totalSupply = initSupply.mul(yamsScalingFactor); — which should have been:
totalSupply = initSupply.mul(yamsScalingFactor).div(BASE); [Register]
YAM has been shut down, about $750,000 in tokens have been lost, and locked funds have been unlocked. Everyone’s going “LOL it was unaudited” — but smart contracts are conceptually stupid by nature, and auditing isn’t magical security dust. [The Block; Medium; CoinDesk; CoinDesk]
“Code is Law” was also the founding principle of Ethereum Classic — so that the DAO disaster of 2016 would be preserved forever on the Ethereum (Classic) blockchain. But the code for the proof-of-work consensus mechanism apparently isn’t law in quite the same sense — Ethereum Classic Labs has engaged law firm Kobre & Kim and CipherTrace to find the people who mounted not one, but two 51% attacks against Ethereum Classic a couple of weeks ago. Trustless! [Decrypt]
— Ed Salazar (@EdKwangl) August 13, 2020
Good news for Bitcoin exchanges
Crypto derivatives gambling den BitMEX will start doing full Know-Your-Customer from 28 August! BitMEX founder Arthur Hayes says: “The game has changed, and so have we; keep a stiff upper lip.” How far will high-rollers go to keep gambling at their favourite casino? Remember that “Institutional Investor” means “Crypto Hedge Fund,” which means HODLer In A Tie with a Chromebook Gambling At BitMEX. [Twitter; BitMEX blog]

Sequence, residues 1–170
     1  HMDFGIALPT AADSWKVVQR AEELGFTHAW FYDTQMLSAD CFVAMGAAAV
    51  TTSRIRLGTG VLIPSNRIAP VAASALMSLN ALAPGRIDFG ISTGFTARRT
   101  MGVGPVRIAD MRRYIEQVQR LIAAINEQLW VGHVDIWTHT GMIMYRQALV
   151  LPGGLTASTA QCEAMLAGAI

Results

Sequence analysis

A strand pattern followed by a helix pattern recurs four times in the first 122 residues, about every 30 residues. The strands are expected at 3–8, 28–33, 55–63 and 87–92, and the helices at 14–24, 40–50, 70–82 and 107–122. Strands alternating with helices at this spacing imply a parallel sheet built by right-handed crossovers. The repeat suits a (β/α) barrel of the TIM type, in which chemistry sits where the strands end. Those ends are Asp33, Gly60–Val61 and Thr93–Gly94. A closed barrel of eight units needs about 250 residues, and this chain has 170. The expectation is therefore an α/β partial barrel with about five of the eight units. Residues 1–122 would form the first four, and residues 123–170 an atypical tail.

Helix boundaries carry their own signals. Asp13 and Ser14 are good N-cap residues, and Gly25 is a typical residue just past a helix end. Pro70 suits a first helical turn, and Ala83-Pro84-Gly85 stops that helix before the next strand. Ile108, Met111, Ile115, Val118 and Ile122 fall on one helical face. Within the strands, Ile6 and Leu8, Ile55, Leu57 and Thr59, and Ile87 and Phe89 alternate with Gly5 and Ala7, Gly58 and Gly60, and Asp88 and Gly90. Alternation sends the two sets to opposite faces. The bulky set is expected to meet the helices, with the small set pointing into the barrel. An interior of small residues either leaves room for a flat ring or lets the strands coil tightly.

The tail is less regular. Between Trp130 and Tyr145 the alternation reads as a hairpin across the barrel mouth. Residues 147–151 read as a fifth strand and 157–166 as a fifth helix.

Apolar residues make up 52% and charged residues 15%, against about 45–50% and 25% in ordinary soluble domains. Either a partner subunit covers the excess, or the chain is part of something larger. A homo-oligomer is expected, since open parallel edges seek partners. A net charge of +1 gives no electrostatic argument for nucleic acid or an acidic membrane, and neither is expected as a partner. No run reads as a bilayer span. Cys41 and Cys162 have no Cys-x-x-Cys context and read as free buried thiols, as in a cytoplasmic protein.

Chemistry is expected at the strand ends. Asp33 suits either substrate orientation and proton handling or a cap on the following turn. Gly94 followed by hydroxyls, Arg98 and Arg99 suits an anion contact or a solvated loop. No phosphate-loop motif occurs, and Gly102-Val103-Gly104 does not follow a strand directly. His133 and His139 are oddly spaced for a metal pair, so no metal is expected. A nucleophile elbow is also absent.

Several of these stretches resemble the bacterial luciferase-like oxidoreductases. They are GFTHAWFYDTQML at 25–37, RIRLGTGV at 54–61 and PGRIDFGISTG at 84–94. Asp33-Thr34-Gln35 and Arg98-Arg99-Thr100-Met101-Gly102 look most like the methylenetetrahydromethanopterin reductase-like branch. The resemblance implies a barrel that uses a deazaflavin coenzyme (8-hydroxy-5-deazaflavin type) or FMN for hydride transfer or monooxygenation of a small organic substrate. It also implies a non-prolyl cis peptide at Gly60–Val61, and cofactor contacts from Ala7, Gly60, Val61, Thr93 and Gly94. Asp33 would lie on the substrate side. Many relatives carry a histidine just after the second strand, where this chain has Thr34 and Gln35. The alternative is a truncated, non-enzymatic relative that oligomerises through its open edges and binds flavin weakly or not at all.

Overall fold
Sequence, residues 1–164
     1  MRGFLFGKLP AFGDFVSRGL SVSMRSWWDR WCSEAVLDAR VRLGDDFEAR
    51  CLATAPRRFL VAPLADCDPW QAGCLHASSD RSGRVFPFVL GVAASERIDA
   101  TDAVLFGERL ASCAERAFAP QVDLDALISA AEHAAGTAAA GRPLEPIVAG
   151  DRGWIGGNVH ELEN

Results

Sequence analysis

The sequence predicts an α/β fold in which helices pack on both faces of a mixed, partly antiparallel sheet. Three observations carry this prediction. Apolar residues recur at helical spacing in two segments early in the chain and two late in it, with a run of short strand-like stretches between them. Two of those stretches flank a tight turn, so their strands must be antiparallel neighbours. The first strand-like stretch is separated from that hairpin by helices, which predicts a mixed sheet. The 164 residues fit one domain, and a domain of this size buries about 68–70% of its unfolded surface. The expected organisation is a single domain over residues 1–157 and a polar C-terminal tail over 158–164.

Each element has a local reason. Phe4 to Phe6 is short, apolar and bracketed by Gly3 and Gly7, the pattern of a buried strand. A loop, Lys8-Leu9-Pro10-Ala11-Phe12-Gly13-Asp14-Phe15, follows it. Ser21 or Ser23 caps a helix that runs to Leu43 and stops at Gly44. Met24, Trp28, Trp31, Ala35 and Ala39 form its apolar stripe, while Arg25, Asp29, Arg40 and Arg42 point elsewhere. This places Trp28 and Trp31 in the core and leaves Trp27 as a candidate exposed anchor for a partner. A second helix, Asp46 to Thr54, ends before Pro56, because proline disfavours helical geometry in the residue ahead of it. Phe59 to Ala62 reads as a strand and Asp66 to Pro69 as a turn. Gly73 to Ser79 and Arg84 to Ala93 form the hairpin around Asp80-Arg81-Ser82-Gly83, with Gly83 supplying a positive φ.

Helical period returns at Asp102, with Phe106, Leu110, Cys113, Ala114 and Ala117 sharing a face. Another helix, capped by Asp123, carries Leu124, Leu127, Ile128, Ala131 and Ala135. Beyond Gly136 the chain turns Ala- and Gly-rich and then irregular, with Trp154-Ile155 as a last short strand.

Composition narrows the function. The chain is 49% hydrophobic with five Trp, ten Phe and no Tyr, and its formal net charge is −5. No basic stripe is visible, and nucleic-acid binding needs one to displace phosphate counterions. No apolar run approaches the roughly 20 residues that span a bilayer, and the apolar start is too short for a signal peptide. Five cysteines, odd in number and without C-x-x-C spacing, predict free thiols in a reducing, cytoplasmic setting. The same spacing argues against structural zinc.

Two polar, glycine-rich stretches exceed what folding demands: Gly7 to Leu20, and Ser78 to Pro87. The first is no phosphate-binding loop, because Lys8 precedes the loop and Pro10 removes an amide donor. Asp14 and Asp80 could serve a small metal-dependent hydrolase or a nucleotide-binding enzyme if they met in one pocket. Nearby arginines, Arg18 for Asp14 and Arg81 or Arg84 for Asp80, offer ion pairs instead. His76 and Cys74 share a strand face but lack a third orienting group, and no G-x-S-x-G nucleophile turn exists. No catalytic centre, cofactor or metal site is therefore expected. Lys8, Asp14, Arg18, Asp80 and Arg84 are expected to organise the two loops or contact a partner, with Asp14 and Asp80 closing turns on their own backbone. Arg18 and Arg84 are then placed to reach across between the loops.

Binance US shut for several hours on Friday 7 August, for some reason that totally wasn’t yet another hack. [Decrypt]
Coinbase has left crypto lobbying group the Blockchain Association — apparently outraged that a scurrilous organisation like Binance US was allowed to join. We don’t want crypto looking like some bunch of grifters. [Twitter; CoinDesk]
MicroStrategy, a business intelligence software firm that’s been doing very well for itself, found it had way too much cash on hand. So it gave $250 million back to the shareholders, and spent $250 million on … bitcoins! That’s 21,454 BTC, at $11,652 each. [MicroStrategy]
Is this institutional adoption? Matt Levine reveals how this happened — the CEO, Michael Saylor, owns 72% of MicroStrategy’s voting shares, and can do whatever the hell he likes and not get fired. And he likes Bitcoin. The press release has a long stretch where Saylor recites standard Bitcoin maximalist talking points. It’s not clear this is a green light for other large corporations to get into Bitcoin. [Bloomberg]
That time a Bitcoin maximalist managed to underperform Bitcoin — Tuur Demeester’s crypto hedge fund Adamant Capital has quietly shut down. [The Block, paywalled]
The SEC has settled with the $5 million Boon Coins ICO, which ran from November 2017 to January 2018. Boon Tech happened to lie a lot in the course of promoting the ICO. Boon Tech and its CEO Rajesh Pavithran have to disgorge the $5 million ICO takings with $600,000 interest and pay a $150,000 fine. Pavithran is barred from serving as a company officer or director. [Press release; order, PDF]
Phoenix Thoroughbreds could be a brilliant business with an innovative new model nobody else is smart enough to understand … or it could be a crypto money laundering racket, involving OneCoin. [Racing Post]
The Missing Cryptoqueen has a ninth episode, just uploaded! This podcast series, about the OneCoin scam, is amazing. [BBC Sounds]